Every winter when I was little, my family and I would bundle up in warm clothes and pile into our raggedy blue station wagon for a trip to Washington, DC, to see the National Christmas Tree.
It was one of our annual traditions that we looked forward to and enjoyed as a family. Unfortunately, that tradition fell by the wayside as we all got older, but I still have fond memories of those times.
If it weren’t for a sitting president almost 95 years ago, our family tradition may never have begun.
HISTORY OF THE NATIONAL CHRISTMAS TREE
In 1923, President Calvin Coolidge conducted the first National Christmas Tree lighting in Washington, DC on The Ellipse near the White House.
With the exception of 1942 – 1944 (during WWII), the tree lighting ceremony has taken place each year through peace and war.
Flash forward all these years later and this annual event is still a tradition that many people look forward to – locals and visitors alike.
Over the years, the annual celebration expended and evolved. According to NationalTree.Org, the National Christmas Tree official website:
“In 1954 the Washington Board of Trade and the Washington Citizen’s Committee conceived of a wider celebration called the “Christmas Pageant of Peace” in which the tree lighting event expanded to three weeks. A “Pathway of Peace” was composed of smaller trees representing all the states, territories and the District of Columbia. The 1954 opening ceremony was held December 17, when President Dwight D. Eisenhower turned the switch. The longer event, with local nightly entertainment, proved very popular and continues to the present.”
Since 1923, the National Christmas Tree has been decorated with lights. However, in 2007 the White House requested that the National Tree be lit by LED lights, making the tree more energy efficient. In 2008, the lights adorning the tree were almost solely LEDs lights.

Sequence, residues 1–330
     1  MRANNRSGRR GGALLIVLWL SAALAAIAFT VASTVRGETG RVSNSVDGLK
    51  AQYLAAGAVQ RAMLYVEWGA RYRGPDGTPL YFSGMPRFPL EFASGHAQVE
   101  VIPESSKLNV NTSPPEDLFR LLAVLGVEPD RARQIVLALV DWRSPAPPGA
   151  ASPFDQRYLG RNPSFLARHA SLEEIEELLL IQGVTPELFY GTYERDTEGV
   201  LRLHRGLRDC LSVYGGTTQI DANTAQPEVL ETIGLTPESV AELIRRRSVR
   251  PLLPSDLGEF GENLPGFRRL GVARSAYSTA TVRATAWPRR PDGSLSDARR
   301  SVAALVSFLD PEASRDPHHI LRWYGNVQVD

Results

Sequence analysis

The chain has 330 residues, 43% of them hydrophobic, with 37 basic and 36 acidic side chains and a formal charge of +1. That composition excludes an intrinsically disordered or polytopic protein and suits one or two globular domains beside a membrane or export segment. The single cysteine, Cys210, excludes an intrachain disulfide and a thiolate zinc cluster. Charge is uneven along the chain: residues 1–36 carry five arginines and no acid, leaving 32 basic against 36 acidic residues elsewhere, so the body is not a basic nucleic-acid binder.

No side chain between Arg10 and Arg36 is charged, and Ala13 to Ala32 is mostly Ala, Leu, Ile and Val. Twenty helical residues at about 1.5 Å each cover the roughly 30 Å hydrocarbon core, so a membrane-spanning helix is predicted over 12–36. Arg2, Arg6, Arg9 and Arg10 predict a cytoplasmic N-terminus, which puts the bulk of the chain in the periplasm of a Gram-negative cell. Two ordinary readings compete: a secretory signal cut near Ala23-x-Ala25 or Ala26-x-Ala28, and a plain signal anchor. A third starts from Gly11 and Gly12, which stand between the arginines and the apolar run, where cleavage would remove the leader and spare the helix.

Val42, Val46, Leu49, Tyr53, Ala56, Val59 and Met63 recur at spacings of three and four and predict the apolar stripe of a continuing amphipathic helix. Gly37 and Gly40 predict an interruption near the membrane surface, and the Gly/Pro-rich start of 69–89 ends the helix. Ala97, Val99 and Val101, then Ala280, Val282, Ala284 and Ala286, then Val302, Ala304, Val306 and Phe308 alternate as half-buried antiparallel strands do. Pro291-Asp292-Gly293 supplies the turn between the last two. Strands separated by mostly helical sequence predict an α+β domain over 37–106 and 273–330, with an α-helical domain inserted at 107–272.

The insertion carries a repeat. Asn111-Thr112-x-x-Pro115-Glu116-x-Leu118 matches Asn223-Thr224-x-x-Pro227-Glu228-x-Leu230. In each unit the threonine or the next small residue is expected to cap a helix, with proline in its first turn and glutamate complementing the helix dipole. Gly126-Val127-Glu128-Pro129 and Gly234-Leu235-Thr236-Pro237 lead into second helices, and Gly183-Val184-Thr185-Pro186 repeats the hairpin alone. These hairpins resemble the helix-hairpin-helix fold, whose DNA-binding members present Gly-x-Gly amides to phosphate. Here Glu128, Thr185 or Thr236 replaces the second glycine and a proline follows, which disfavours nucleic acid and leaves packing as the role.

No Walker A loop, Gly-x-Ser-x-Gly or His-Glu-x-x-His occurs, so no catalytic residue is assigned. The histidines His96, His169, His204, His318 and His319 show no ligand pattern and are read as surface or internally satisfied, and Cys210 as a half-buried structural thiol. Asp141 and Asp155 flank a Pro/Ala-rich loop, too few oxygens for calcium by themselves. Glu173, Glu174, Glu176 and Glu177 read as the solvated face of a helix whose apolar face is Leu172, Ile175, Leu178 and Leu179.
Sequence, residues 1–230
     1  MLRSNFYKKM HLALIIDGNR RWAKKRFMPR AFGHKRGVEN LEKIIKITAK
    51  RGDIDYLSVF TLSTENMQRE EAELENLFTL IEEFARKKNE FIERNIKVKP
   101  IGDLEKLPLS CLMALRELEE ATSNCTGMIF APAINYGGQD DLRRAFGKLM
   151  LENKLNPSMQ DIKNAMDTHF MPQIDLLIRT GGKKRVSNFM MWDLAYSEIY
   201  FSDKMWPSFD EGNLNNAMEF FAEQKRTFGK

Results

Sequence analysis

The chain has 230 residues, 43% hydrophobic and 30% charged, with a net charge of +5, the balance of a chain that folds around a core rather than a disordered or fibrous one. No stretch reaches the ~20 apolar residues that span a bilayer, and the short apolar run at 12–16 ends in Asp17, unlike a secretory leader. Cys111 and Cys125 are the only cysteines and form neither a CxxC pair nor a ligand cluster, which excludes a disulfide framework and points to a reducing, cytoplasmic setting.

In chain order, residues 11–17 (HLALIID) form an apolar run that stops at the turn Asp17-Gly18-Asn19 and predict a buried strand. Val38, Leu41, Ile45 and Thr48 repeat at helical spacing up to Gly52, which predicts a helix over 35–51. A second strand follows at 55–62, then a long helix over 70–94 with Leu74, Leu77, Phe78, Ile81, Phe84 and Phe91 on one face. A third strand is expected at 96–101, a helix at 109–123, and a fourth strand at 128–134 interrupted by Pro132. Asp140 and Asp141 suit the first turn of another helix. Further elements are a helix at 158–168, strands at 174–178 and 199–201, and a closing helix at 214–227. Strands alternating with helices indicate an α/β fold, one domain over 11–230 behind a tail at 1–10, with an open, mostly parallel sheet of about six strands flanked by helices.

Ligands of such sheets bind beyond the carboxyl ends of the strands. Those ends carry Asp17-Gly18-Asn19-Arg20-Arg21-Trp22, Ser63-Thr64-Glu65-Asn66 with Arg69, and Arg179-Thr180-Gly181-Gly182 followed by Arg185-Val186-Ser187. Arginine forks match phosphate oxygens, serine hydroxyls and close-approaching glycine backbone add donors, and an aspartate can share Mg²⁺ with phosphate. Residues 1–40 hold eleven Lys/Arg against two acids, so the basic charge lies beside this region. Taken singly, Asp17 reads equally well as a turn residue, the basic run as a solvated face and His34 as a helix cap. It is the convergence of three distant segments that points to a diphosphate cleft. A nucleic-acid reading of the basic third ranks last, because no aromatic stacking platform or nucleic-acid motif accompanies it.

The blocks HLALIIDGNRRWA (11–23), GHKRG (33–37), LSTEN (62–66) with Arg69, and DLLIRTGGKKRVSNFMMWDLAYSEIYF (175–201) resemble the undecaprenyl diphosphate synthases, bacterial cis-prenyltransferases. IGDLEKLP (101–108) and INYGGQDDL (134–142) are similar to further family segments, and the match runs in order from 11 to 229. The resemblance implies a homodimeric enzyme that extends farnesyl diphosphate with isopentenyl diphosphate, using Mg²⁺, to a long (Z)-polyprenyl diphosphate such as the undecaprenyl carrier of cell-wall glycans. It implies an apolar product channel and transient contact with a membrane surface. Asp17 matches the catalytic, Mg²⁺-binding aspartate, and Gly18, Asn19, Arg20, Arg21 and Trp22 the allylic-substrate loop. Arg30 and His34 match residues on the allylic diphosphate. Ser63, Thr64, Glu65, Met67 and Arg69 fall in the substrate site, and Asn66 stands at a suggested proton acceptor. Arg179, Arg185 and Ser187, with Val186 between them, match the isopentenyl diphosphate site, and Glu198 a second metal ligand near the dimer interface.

The 56 smaller trees representing the states, territories, and Washington, DC, are decorated with hand-made ornaments donated by sponsors from each state. Each ornament’s decor is representative of the state and is protected from the elements by a round plastic case.
THE 2017 NATIONAL TREE LIGHTING CEREMONY
This year, the National Christmas Tree Lighting Ceremony is scheduled for Thursday, November 30th and will take place rain or shine.
To get into the ceremony, you have to have entered and won tickets in the annual lottery, which closed on October 30th.
- If you’re one of the winners, congratulations! You’ll have an amazing time! The ceremony will be hosted by Adademy Award-winning actress Reese Witherspoon. The program will feature a Presidential address as well as entertainment by a military band and others (TBD).
- If you’re not one of the winners, you can watch the ceremony on Monday, December 4th on the Hallmark Channel (check your local listings for the time).
NOT ATTENDING THE CEREMONY?
My recommendation is that you get out of Washington, DC as early as possible on November 30th…or skip going downtown at all. Road closures around The Ellipse make traffic a nightmare!
If you still want – or need – to be downtown for some reason, walking or taking the Metro will be your best bets.
SCHEDULE OF EVENTS
The National Christmas Tree and the Pathway of Peace will be open from Thursday, November 30, 2017, through January 1, 2018, from 10 am to 10 pm.
Visitors will enjoy various seasonal displays and entertainment by musicians and dancers. Performances take place between 5 pm – 8:30 pm weekdays and 11 pm- 8:30 pm Saturdays and Sundays.
VISITING THE NATIONAL CHRISTMAS TREE
When I go downtown, the Metro train is my transportation method of choice. Stops closest to The Ellipse are Federal Triangle, Metro Center, and McPherson Square. To plan your trip, click here.
If you choose to drive to Washington, DC, be aware that parking is limited. To avoid driving around endlessly looking for parking, check out Parking Panda. This great resource allows you to search for, price compare, and reserve a parking space.
You can also get around downtown is a ridesharing platform such as Uber.